For example, in A Future For His Twins, the hero Tom and heroine Faith both want to rent the same historic property. Both have good reasons. Neither is a villain. But they can't both get what they want. Someone is going to win, and someone is going to lose...but when Tom's twins get involved, Tom and Faith's original goals evolve, with greater stakes.

Let me know if you give this a try!

Character Basics:

Full Name:
Birthday and age:
Parents’ names:
Siblings’ names, ages:
Eye, hair color, height:
Best physical feature:
Worst feature:
Clothing style:
Favorite place to be alone:
Favorite food:

Digging Deeper:

Goal at beginning of story:
Why do they want it (motivation):
What’s stopping it (conflict):
External Conflict with Hero/heroine:
Core wound:
Core need:
Lie they believe (I’m not worthy of/don’t believe in love because…):
Deepest, secret dream:
Biggest flaw:
Best part of personality:
Came to faith when/how:
Who most influenced character and when:

Friday, September 4, 2020

Love's Pure Light Giveaway

To celebrate the release of Love's Pure Light: A Christmas Novella Collection, we're giving away a prize basket to one lucky reader! The winner will receive a Willow Tree 6-piece Nativity, a $30 Amazon gift card, and a paperback copy of Love's Pure Light--a total value of $135!

To enter: click here: http://www.rafflecopter.com/rafl/display/3b7783451/?

This giveaway is not affiliated with Amazon, Facebook, or Instagram. We're sorry, but due to high shipping costs, this giveaway is only open to U.S. residents.

About Love's Pure Light:

Four stories follow a treasured family nativity set through four generations of the Shepherd family.

While Shepherds Watch Are Keeping by Susanne Dietze
Massachusetts, 1899
This Christmas, Pastor Seth Shepherd has little to offer his flock of congregants in their time of need until Jessalyn Grant, a mysterious newcomer, comes to his aid.

The Wise Guy and the Star by Shannon McNear
Charleston, South Carolina, to Kansas City, Missouri, 1919
While journeying by train, Stella Shepherd befriends war veteran Nat Wise. She helps him find renewed faith in God, but could he also be the answer to the wanderings of her own heart?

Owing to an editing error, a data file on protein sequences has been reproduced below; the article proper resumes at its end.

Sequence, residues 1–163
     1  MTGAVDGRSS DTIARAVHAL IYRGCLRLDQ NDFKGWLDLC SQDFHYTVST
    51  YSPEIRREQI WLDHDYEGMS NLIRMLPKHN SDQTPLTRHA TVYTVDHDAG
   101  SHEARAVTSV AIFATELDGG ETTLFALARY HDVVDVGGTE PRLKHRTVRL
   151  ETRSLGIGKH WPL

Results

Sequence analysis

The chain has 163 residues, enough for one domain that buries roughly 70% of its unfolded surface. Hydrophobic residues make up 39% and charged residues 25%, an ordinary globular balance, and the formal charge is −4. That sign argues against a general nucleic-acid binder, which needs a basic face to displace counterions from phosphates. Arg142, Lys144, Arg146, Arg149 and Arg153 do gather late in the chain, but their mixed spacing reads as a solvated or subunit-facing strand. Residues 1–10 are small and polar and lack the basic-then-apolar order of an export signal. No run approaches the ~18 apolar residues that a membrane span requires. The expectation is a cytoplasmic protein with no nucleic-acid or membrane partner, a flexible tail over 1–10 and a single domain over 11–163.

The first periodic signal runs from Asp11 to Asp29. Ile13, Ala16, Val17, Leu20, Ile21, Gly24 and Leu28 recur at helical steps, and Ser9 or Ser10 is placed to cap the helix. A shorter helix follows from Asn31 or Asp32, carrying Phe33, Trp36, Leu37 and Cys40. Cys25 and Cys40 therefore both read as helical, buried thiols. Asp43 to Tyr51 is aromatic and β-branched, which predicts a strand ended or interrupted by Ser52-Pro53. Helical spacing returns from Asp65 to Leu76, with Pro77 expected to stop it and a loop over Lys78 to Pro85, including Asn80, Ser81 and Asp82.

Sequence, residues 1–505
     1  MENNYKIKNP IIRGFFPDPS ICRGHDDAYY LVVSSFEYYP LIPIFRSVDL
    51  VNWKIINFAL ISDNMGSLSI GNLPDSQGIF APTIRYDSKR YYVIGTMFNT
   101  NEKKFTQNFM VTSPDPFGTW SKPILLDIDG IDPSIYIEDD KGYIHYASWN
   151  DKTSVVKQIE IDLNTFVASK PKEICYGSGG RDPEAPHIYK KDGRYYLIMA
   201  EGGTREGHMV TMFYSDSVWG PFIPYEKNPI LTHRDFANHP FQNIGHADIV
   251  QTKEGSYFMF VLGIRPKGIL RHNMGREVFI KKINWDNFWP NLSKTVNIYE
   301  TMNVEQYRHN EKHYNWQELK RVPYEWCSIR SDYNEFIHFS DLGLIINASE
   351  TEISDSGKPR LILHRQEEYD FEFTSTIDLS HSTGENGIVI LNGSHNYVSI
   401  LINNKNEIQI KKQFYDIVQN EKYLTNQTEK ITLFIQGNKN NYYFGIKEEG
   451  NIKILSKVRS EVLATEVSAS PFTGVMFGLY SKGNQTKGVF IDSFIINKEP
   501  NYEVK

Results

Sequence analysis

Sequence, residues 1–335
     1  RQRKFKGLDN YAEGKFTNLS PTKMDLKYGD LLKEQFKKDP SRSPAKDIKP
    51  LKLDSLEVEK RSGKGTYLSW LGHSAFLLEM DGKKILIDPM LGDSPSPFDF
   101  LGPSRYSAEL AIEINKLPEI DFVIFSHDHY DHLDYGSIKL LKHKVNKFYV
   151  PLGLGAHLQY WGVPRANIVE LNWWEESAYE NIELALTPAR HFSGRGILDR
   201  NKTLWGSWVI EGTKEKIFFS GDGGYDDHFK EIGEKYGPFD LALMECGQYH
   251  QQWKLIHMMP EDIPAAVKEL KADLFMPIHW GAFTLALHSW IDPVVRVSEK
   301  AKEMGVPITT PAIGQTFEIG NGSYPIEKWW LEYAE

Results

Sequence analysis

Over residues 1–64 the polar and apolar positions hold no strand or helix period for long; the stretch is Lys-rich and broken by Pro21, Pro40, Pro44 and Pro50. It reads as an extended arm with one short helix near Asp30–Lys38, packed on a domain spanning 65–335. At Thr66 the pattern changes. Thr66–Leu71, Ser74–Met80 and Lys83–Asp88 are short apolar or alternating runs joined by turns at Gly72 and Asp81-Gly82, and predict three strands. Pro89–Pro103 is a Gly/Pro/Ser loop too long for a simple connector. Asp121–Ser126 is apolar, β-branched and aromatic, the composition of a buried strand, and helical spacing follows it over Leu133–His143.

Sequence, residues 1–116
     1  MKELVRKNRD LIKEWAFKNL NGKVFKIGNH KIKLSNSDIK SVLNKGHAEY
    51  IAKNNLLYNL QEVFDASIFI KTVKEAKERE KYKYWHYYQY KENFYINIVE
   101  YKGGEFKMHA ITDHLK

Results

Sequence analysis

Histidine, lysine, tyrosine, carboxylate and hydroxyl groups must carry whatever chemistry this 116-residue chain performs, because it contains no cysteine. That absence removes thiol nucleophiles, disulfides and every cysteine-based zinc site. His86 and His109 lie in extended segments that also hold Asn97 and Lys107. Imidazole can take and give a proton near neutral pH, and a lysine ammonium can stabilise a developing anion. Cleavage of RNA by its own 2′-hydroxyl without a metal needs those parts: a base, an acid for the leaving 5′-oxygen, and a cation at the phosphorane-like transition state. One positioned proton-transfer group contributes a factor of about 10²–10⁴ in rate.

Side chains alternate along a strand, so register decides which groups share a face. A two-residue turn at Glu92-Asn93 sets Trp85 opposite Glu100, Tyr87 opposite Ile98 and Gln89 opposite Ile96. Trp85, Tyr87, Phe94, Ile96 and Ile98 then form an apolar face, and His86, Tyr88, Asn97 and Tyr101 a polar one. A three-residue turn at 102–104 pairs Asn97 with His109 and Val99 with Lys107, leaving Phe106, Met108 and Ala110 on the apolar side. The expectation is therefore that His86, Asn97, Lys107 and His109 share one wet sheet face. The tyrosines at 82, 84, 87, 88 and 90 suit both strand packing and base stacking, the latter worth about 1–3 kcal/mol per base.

On Angel Wings by Janine Rosche
Kansas City, Missouri, 1945
Elodie Wise plans a fundraising ball with the help of her friend Benjamin Gabriel. But can she look past the swanky Hollywood headliner to see the man who truly loves her?

Making Room at the Inn by Deborah Raney
Cape Girardeau, Missouri, Present Day
Benjie Gabriel thinks the chef’s position she’s just taken at an award-winning bed and breakfast is temporary—just a stepping stone. The B&B’s owner, Trevor Keye, thinks the same. Will five months be long enough for them to figure out that what they’ve each been longing for, praying for, is right beneath their noses?

Tuesday, July 14, 2020

A Short Word of Encouragement

If you need encouragement today, I pray you remember that God is holding you in His hands--hands that are gentle yet mighty. Hands that reached out for you, hands that rescued you, hands that bear your name on the palms (Isaiah 49:16).
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God is here. With us. Now. And He's not going anywhere.

I'm taking a short break from social media as I work to meet a deadline (Kellan and Paige's story!), but my hope is to also take some time to be still and focus on God. The past few months have been difficult for all of us, heartbreaking in many ways. I have been discouraged, sad, and anxious at times, especially in the face of a lack of unity, but I know is that God is at work in our hearts and lives and in the world He created. I am encouraged even as I am discouraged. I am comforted even as I am sad. I am hopeful even as I have been anxious. I am grateful, and one of the things I am grateful for is you.